Take the 2-minute tour ×
Stack Overflow is a question and answer site for professional and enthusiast programmers. It's 100% free, no registration required.

[VS 2010 Beta with .Net Framework 3.5]

I've written a C# component to asynchronously monitor a socket and raise events when data is received. I set the VB form to show message boxes when the event is raised. What I've noticed is that when the component raises the event synchronously, the message box blocks the component code and locks the form until the user closes the message. When it's raised asynchronously, it neither blocks the code, nor locks the form.

What I want is a way to raise an event in such a way that it does not block the code, but is called on the same thread as the form (so that it locks the form until the user selects an option.)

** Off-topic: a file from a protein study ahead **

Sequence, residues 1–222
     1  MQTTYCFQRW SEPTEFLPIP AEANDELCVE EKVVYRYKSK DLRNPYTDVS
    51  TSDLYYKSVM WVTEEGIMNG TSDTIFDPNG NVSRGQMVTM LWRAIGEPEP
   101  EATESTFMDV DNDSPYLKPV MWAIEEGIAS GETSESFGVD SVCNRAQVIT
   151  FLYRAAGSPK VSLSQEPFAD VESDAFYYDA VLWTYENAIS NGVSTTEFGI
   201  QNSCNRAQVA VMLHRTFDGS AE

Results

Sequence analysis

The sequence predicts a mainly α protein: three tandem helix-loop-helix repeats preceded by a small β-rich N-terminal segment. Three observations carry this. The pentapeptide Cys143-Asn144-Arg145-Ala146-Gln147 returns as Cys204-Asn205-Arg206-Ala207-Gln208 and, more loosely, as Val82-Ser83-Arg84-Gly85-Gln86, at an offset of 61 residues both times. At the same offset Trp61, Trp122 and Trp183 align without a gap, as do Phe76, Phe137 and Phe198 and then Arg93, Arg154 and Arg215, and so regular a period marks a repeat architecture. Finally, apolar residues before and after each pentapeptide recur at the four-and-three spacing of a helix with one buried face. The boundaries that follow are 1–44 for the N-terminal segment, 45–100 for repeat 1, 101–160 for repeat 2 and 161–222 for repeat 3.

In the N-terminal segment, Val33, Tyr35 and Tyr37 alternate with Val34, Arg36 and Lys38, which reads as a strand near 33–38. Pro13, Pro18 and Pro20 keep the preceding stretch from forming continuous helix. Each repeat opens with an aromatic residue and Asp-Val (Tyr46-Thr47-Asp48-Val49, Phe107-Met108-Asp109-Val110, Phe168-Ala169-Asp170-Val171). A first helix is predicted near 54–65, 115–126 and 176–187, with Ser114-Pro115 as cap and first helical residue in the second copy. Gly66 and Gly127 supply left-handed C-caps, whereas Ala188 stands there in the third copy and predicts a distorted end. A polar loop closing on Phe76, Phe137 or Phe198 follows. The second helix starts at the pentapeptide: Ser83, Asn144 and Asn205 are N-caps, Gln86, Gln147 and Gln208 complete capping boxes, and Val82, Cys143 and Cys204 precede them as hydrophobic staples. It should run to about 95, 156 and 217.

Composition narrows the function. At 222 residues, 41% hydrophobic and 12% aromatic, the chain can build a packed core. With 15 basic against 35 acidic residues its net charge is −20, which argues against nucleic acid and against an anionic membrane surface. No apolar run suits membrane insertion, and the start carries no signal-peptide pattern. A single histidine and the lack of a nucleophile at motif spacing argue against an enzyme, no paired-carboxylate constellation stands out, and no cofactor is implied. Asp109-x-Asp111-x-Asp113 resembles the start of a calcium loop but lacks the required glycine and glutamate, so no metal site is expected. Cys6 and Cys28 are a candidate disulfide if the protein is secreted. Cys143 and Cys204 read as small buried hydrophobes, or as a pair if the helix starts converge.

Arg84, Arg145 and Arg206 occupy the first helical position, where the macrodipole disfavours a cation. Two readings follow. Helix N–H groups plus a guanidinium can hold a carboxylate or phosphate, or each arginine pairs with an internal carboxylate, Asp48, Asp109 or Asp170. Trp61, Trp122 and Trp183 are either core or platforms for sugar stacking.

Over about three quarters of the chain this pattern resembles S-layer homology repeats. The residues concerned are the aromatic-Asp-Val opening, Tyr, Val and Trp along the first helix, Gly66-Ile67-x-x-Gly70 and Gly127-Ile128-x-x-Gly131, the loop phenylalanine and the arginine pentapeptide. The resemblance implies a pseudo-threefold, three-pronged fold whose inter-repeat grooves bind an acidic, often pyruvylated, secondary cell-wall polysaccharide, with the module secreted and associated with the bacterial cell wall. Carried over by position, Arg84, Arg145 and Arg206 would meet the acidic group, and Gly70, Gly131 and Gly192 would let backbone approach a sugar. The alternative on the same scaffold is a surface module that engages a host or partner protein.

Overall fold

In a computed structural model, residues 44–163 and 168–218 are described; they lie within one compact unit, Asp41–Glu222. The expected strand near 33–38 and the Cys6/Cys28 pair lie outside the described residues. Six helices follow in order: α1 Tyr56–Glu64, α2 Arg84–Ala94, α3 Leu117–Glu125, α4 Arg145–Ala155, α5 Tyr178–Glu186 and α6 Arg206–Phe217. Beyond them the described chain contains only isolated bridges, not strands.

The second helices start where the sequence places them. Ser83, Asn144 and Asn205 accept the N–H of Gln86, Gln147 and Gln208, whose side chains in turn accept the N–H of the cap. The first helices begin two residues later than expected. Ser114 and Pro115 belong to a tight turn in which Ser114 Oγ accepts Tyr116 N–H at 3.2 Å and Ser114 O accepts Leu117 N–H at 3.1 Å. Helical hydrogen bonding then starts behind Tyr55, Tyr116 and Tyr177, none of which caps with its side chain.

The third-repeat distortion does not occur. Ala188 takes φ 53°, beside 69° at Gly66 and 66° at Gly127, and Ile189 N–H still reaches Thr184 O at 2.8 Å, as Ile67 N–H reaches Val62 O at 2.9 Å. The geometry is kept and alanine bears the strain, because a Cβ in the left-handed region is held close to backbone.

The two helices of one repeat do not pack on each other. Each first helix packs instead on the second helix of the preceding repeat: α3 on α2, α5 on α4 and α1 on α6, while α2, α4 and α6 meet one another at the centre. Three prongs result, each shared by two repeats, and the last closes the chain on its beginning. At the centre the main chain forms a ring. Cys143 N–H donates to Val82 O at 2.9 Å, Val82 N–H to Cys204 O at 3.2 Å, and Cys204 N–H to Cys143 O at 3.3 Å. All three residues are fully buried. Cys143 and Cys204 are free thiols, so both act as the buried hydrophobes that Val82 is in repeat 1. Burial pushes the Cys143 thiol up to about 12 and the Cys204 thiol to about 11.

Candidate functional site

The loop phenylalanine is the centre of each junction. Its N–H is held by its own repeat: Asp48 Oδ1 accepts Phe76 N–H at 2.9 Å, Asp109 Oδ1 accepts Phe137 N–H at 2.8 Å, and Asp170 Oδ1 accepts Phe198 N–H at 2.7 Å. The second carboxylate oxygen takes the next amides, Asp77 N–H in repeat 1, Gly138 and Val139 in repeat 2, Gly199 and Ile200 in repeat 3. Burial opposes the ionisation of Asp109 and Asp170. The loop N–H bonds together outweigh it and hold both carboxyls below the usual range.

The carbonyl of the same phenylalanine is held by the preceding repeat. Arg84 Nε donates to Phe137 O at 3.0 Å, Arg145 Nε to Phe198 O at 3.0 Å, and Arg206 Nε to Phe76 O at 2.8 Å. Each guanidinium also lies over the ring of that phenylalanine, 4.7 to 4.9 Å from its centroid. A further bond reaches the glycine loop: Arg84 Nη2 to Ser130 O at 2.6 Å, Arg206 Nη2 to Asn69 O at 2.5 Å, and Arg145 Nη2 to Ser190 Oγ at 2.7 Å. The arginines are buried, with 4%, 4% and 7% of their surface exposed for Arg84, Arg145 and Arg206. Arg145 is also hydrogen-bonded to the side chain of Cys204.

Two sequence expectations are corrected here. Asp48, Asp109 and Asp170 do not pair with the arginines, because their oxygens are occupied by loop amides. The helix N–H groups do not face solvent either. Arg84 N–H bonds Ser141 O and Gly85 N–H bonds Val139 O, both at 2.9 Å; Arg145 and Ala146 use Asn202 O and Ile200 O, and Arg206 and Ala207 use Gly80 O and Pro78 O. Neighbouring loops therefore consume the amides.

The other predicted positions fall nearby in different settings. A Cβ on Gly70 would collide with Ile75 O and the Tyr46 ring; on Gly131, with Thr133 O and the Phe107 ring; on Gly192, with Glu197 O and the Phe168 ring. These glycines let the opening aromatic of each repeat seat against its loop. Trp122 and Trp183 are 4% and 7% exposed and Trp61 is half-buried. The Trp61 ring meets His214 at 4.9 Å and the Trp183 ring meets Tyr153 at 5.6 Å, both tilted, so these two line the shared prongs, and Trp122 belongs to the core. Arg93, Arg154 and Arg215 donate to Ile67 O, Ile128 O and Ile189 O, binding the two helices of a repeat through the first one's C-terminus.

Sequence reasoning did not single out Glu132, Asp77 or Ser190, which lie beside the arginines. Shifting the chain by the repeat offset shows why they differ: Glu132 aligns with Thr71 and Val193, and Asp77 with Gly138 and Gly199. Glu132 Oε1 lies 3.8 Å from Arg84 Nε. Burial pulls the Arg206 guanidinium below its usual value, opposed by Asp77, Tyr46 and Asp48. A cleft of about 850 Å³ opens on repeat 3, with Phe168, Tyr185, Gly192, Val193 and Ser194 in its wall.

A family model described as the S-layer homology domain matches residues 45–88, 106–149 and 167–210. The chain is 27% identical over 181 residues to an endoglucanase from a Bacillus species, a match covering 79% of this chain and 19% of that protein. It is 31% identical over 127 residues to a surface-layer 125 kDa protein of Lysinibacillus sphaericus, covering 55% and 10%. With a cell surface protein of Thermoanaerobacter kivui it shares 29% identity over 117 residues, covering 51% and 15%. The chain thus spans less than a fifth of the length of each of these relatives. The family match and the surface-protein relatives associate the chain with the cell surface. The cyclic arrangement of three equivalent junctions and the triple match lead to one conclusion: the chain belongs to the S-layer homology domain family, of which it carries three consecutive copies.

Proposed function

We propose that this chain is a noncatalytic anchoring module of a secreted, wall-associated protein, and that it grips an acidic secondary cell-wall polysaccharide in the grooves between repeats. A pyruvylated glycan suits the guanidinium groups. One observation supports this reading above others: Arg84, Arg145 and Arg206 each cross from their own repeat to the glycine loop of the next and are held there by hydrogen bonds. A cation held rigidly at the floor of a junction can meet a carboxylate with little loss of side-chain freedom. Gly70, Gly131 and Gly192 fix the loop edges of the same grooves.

Can you help me out? Thanks.


using System;
using System.Threading;
using System.ComponentModel;

namespace mySpace
    public delegate void SyncEventHandler(object sender, SyncEventArgs e);
    public delegate void AsyncEventHandler(object sender, AsyncEventArgs e);

    public class myClass
        readonly object syncEventLock = new object();
        readonly object asyncEventLock = new object();

        SyncEventHandler syncEvent;
        AsyncEventHandler asyncEvent;

        private delegate void WorkerDelegate(string strParam, int intParam);

        public void DoWork(string strParam, int intParam)